Israel Apologizes and Sends Condolences for the Death of an Autistic Palestinian

by Hugh Fitzgerald

The story is from Reuters:

More than a week after Israeli police shot dead an unarmed and autistic Palestinian in Jerusalem, Prime Minister Benjamin Netanyahu on Sunday called the killing a tragedy and offered his condolences to the family.

Iyad al-Halaq, 32, was killed during a police chase in Jerusalem’s Old City on May 30. A police spokesman said at the time officers suspected he was carrying a weapon.

The police internal affairs division is investigating the shooting.

What happened to Iyad al-Halaq is a tragedy. This was a man with disabilities, autism, who was suspected – and we (now) know wrongly – of being a terrorist in a very sensitive venue,” Netanyahu said in comments that fell short of an apology. “I know that (police) are conducting examinations. We all share in the grief of the family,” Netanyahu said in public remarks to his cabinet.

Addressing Internal Security Minister Amir Ohana, who is responsible for police, at the cabinet meeting, Netanyahu said: “I expect your full investigation into this matter.”

But before Netanyahu, Israeli officials had already apologized. Defense Minister Benny Gantz had expressed condolences to the family of Iyad Halaq, and apologized on behalf of the government and people of Israel, the very day after Halaq was killed. “We are really sorry about the incident in which Iyad Halaq was shot to death and we share in the family’s grief,” Gantz said. “I am sure this subject will be investigated swiftly and conclusions will be reached.”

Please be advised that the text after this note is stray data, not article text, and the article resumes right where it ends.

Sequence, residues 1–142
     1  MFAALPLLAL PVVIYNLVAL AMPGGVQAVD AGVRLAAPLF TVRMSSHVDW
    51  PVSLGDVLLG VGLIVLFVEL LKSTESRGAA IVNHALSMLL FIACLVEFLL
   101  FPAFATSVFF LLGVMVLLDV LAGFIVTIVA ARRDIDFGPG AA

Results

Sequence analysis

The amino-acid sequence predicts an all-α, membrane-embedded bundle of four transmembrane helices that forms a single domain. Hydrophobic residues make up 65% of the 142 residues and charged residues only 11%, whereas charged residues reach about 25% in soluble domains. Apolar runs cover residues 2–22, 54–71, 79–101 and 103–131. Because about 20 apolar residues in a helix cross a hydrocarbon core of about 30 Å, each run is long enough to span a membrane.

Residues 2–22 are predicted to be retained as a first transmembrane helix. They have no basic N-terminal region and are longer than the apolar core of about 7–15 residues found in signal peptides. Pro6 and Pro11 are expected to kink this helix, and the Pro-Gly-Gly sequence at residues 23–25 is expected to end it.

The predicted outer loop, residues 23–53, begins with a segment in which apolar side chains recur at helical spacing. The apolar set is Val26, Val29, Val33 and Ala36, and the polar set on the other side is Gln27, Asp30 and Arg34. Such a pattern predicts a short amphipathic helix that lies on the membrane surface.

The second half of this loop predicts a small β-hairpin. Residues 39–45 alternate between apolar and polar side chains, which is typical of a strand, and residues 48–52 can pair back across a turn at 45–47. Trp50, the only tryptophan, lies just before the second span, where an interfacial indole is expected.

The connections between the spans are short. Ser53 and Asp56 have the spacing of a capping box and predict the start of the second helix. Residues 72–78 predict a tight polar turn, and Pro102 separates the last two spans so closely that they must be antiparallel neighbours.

Furthermore, the Ashkenazi Chief Rabbi of Israel Israel Stern, two days after Gantz’s statement, paid a condolence call on the family, to express his sorrow over the tragedy.

Why, some may wonder, didn’t Israeli officials go in person to the family to offer their condolences? It turns out that they wanted to do so, but it was the family that insisted they didn’t want any Israeli officials to visit them. One can hardly fault them for not visiting;  they were only respecting the wishes of Halaq’s family.

The tragedy unfolded this way:

Iyad Halaq was at the entry to the Old City known as the Lion’s Gate, on his way to classes for special needs students. His family said they told him always to hold his cell phone in his hand, and it was that cell phone that looked like a weapon to the Israeli police, who reported that they had spotted a suspect “with a suspicious object that looked like a pistol.” The police confronted him. He panicked, and ran off. When he failed to obey orders to stop, the police – there appear to have been two officers — opened fire. Did they hit him while he was running? It’s still unclear. He then ran into a garbage room where he hid. The police followed after, and no doubt fearing for their own lives, either shot at him, or at anything he might have been hiding behind.

Had Iyad Halaq not been holding the cellphone, mistaken for a pistol, he would not have been asked to halt. Had he not been autistic, he likely would not have taken off when the police asked him to halt (so they could check what he was carrying). There is no reason to think the police were shooting to kill him as he ran, but things changed when he suddenly went into that garbage room to hide. The police, at that point, feeling themselves endangered by someone they thought carried a pistol and was now hiding behind some trash cans and likely to shoot at them, may then have used deadly force. A profound tragedy of errors, for which all Israelis are sorrowful.